Toddman leaned forward in his seat, signaling his need to speak. "Mr. President, it is because of 'these troubling times' that we've come to you. We need more security for the Federation."
"More security, Bill?"
"Yes, sir. We are in a state of war with both the Earth Alliance and the Centauri Republic, and there's the possibility of war with the Vorlon Empire, not to mention the Romulans."
The President frowned. "One: We are not at war." Ra'ghor then looked over his spectacles at Toddman and raised his eyebrows. "Two: The possibility of war with the Vorlon Empire is because of Starfleet, if Captain Sulu's report is to be believed. Three: We're still working through diplomatic channels to ease the tensions with the Romulan Empire. If we could make peace with the Klingons, we certainly could have peace with the Romulans."
Kirk said, "It is true that we're not at war. However, Starfleet is forced into a quasi-war with the Centauri and the Earthers. We have to deal with that. We've tried diplomacy and it has failed." He glanced over to Toddman. "Starfleet Tactical and Starfleet Intelligence believe that the Vorlons won't go to war. It's simply not in their modus operandi, as far as we know." He took a microtape from a pocket in her pants and stood to hand it across the desk to Ra'ghor. The President glanced at the solid colored square of portable data storage and looked back at Kirk as he continued speaking.
"I've prepared a report compiled by Starfleet Intelligence. Put simply, evidence has surfaced pointing to an alliance between the Shadows and certain elements within the Romulan, Centauri and Earth Alliance governments. Intelligence agents are working with an organization in the other universe known as the Anla'shok or the Rangers."
Toddman frowned. "I'm still not sure about having Starfleet Intelligence working so closely with a foreign agency." He turned to the President. "Still, this reinforces the reports I got of an alliance between the Romulans and the Centauri. As you may know, the Centauri are fighting the Narn Resistance which is itself allied with the Klingon Empire."
Ra'ghor looked as if he just ate a lemon. "Proxy wars."
"I hope that this doesn't spill over to our side, even if, as you say, we have a quasi-war with the Centauri. The Klingons are our allies." He raised a hand to his forehead, feeling the first whispers of a new headache. "What's your recommendation?"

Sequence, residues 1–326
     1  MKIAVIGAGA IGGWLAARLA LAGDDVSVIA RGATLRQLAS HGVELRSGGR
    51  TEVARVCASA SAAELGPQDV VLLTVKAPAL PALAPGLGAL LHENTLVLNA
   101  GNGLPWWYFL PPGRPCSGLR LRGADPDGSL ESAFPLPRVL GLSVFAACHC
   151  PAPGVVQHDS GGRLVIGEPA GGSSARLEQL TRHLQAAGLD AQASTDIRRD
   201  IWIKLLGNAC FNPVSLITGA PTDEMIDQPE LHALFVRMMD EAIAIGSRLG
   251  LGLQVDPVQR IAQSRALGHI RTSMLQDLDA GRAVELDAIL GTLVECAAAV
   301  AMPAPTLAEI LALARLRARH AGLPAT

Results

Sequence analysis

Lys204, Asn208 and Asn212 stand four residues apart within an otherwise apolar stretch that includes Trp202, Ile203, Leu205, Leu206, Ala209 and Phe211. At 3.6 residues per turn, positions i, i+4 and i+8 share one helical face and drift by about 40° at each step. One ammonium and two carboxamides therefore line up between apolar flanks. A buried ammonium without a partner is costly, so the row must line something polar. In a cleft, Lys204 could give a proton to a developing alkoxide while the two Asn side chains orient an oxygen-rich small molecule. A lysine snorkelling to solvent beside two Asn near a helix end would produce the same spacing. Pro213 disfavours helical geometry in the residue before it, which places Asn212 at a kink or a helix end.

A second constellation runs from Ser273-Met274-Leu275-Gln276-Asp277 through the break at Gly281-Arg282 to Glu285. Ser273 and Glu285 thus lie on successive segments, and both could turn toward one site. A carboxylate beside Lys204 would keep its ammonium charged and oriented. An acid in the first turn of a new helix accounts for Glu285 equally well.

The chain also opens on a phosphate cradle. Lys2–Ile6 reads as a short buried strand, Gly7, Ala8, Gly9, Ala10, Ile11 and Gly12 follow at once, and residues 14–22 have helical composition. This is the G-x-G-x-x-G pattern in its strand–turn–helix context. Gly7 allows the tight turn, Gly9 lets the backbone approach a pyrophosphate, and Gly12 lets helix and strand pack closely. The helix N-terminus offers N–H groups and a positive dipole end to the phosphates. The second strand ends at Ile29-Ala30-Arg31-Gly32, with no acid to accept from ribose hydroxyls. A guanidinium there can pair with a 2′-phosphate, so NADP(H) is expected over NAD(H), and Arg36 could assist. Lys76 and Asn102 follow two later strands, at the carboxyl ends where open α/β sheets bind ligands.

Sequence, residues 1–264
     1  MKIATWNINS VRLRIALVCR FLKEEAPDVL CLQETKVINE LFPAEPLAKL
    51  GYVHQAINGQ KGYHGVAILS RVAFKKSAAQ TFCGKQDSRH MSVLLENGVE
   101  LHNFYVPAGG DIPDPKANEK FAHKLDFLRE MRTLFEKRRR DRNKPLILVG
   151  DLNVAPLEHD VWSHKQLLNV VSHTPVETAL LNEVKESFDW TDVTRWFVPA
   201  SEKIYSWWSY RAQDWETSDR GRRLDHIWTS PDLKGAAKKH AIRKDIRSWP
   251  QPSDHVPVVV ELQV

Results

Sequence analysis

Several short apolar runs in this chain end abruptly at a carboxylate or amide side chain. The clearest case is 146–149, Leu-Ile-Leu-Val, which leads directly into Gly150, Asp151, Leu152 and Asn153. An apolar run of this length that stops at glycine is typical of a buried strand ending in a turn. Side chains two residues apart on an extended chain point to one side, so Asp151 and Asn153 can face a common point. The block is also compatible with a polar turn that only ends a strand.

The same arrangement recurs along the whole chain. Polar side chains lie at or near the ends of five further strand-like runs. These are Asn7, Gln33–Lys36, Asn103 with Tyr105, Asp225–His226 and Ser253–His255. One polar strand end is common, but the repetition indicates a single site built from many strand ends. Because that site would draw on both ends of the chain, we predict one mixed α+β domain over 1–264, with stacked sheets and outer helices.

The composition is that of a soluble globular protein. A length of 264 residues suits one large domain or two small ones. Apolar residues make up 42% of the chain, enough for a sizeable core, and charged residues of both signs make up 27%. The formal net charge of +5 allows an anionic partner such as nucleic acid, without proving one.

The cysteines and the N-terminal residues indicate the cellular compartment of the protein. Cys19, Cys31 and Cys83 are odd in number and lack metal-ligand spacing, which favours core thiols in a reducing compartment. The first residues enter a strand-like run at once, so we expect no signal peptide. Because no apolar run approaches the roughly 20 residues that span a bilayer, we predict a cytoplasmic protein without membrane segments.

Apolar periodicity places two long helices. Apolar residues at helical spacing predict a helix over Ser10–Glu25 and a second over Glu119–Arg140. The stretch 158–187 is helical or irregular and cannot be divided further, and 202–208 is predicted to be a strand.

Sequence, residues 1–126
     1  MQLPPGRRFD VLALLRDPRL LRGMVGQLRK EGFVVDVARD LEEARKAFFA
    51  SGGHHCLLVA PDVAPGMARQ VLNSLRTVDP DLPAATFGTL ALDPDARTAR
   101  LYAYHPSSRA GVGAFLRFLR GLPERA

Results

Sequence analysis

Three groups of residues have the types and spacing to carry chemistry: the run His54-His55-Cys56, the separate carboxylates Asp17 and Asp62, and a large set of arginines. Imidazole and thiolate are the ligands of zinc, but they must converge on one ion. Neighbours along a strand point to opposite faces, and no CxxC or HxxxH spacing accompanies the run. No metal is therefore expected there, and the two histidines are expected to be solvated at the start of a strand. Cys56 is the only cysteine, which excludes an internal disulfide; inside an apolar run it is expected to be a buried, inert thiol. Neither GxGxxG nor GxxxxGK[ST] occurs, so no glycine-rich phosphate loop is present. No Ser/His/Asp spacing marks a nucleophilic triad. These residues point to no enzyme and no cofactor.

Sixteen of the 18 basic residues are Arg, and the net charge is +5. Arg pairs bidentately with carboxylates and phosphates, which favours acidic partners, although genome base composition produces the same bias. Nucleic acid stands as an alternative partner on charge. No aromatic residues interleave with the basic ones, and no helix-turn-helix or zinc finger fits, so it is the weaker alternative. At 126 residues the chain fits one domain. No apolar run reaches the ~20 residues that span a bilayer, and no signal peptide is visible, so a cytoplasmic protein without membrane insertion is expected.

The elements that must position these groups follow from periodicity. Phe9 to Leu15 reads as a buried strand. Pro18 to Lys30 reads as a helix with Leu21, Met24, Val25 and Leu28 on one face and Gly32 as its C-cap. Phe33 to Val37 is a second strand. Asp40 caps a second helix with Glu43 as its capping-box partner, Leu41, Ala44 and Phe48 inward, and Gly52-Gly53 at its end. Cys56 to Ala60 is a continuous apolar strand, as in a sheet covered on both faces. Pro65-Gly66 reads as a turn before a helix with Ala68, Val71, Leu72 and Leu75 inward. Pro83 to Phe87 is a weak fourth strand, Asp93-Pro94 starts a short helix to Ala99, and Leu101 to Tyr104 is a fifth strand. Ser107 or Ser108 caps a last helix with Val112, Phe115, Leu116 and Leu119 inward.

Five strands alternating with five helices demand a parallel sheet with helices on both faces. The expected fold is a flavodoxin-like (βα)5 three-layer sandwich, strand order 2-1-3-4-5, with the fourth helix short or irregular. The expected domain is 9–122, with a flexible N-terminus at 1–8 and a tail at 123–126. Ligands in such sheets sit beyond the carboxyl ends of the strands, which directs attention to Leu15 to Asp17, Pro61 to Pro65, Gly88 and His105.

Toddman exchanged a glance with Kirk and said, "Increase security for Starfleet. Bring in telepaths for surface scans of those entering sensitive areas. Sit on these intelligence reports. Do not officially acknowledge the existence of the Shadows."
"Telepaths?" Ra'ghor was not sure he liked the suggestion to use telepaths to scan people's minds. He sighed. "Very well. Only if the increased security is limited to Starfleet vessels and facilities. I won't have paranoia disrupting the people's lives and our lives in the Palais."
Kirk said, "What about sending starships to Starbase 10?"
Toddman shook his head in negation. "That would make the Romulans more paranoid than usual. Besides, an ion storm seems to be slowly developing in the sector. I would suggest we gather a fleet in the Laurentian System. Say it's for a war game. It's far enough from the Neutral Zone yet near enough to quickly reach the starbase if necessary."
The President nodded in agreement. "Very well. I'll contact the government of Laurent about permitting the ships in their system." He stood, signaling an end to the meeting.
Toddman and Kirk stood up. "Thank you, Mr. President," they said.
When the door closed behind the two Human men, Ra'ghor sat back down tiredly. He activated the intercom. "Get me a sign language interpreter. I need to contact the Laurentian government."
"Yes, Mr. President."
The last he heard of Laurent was that the colony of Deaf people was negotiating formal relations with the royal family of Ramatis III and the government of the Plaeties System.
The work of a President never ends. He swallowed another of the pills he kept in his desk.
Sausalito, California, Earth
United Federation of Planets
The lights of the New Cetacean Institute had been augmented with additional pinpoint lights strung around the institute's deck facing the San Francisco Bay. These lights were reflected in the water of the Bay, brightly imitating the twinkling stars in the night sky.
Well-dressed people mingled on the deck above the shore. Some of them wore the delta insignia, wine-red tunic and black pants of Starfleet. White-tuxedoed waiters carried trays of champagne in flutes and chocolate truffles made in the shape of sea creatures.
Leonard McCoy was one of those holding a half-empty champagne flute. He groused, "Why the hell are we here?"
His friend, Dr. Jabilo Geoffrey M'Benga smiled at Dr. McCoy's grousing. "It's a nice break from Starfleet Medical, isn't it? I, for one, appreciate the chance to get away from the Stanford Medical Center. Look over there." M'Benga gestured with his own flute of champagne.
The two doctors watched a Vulcan man pluck several chocolate truffles off a waiter's tray. Though he still had his Vulcan reserve, the doctors' sharp eyes could see the small tell-tale signs of slight intoxication. Where Humans got drunk with alcohol, Vulcans did with chocolate.